- Page 1HP Touchsmart 600-1220uk
- Page 2 Features and TouchSmart Interface
- Page 3 Interface Cont., Performance and Verdict
- Page 4 PCMark Vantage: Full Results
As far as web browsing is concerned the good news is that you can at last now move web pages up and down with your finger from anywhere, without having to use side scroll bars. Hurrah. Twitter also gets its own dedicated finger friendly Touch App.
Overall, we like the Touchsmart interface, and feel it does enough to raise itself above the gimmick level. This is clearly a good thing as, after all, without a decent touch interface there would be little point in a touch-screen PC.
It’s not totally without flaws – far from it. It isn’t quite as responsive as an iPhone or Android device so one does have to be a touch more deliberate. There’s an icon for Skype and when we first pressed it, it launched the Skype set-up routine. However, once installed, the same icon remains, and launches the same set-up routine. We normally find we only have to install Skype once, and as there’s no integration between Skype and the TouchSmart interface, it’s rather pointless it being there in the first place. Also, the less said about the silly aimed-at-kids ‘Magic Desktop’ the better.
The music app is decent, and continues to play when you switch to other app – but where was the full screen album art and why can’t you use your finger to scrub within the track? Touch seems such an obvious way to do it.
As a conventional computer though, the presence of the Core i5 and that generous 4GB of RAM means that this machine is always a pleasure to use and the PC Mark Vantage score of 5,622 shows its power. With an Nvidia GeForce GT 230 in place it was never going to be a gaming powerhouse, but we could play TrackMania without any problems, achieving 34.6fps at the screen’s native resolution, so casual games will be fine.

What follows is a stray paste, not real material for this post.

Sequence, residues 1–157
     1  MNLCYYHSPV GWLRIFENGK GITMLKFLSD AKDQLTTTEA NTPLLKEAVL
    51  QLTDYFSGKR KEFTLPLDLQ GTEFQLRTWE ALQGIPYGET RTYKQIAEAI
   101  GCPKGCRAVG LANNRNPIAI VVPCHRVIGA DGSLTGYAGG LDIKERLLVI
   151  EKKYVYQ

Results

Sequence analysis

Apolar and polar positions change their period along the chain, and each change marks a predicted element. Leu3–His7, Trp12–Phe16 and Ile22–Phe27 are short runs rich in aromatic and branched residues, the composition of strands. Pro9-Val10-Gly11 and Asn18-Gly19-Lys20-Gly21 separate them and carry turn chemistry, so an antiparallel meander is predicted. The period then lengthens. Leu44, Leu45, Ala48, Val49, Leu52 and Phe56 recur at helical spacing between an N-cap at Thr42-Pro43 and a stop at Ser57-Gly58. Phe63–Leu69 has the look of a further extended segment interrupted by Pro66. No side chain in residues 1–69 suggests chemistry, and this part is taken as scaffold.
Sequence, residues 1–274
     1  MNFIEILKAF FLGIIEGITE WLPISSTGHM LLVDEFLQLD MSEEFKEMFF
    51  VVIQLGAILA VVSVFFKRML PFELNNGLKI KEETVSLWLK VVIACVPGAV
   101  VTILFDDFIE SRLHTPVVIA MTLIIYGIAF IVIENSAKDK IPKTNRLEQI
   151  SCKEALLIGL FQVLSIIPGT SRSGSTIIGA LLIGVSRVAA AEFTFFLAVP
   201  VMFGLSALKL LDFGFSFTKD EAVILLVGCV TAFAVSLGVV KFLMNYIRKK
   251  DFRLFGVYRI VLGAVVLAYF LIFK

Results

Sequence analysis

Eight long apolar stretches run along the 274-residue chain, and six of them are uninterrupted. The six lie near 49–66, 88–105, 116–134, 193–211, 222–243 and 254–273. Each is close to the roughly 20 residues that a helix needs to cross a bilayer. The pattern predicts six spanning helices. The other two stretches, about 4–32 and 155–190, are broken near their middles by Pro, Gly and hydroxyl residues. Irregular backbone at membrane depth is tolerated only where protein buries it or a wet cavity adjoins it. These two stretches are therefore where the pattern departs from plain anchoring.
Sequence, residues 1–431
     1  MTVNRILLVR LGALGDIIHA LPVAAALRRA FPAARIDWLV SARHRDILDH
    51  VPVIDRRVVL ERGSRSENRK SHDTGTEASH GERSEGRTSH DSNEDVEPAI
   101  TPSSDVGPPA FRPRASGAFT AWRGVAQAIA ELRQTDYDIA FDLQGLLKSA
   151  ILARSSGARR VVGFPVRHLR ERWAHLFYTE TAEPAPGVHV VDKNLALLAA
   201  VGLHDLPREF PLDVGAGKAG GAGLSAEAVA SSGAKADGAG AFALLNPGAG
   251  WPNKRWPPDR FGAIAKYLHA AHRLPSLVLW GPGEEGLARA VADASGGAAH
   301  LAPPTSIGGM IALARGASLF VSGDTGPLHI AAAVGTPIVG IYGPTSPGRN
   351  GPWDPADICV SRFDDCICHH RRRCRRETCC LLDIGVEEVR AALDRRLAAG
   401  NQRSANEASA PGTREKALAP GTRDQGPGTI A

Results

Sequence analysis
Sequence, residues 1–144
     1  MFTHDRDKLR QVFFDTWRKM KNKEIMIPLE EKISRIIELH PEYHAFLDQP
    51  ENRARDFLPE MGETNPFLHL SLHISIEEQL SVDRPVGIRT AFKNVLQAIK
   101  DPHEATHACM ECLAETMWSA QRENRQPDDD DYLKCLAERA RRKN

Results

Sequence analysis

Finally, the thin, wireless keyboard is comfortable to type on and the mouse, while not the last word in style, is responsive and comfortable.
As ever, we like the TouchSmart 600, and with its strong specification it compromises very little. We like the improvements to the TouchSmart interface, though you’ll certainly need to drop back into Windows 7 on a regular basis.
If you’re looking for a cheaper variant, you can save £100 with a Core i3 and even slower graphics, while a TouchSmart 300, with a 20in display and an Athlon II X3 processor, will cost £899. If you can afford it, the 600 is the one to go for if you want all its features. Just keep in mind that for £1,350 there are a lot of alternatives, some of which are superior in certain areas.
The most interesting of these is doubtless Apple’s Core i3 refresh of its iMac 27in for just £50 more. It might lack the Blu-ray drive, analogue video input and touch interaction, but does get you a superior, metal-clad chassis which looks simply stunning, and a bigger, better, higher-resolution IPS-based screen. Frankly, we know which we would choose.
The TouchSmart 600 is a good refresh of a convincing touch PC line. It’s smart, neatly designed and the Touchmart interface is good enough to actually bother with. As you can now plug in devices such as consoles via Component or HDMI, it’s certainly a versatile contender and worth considering.
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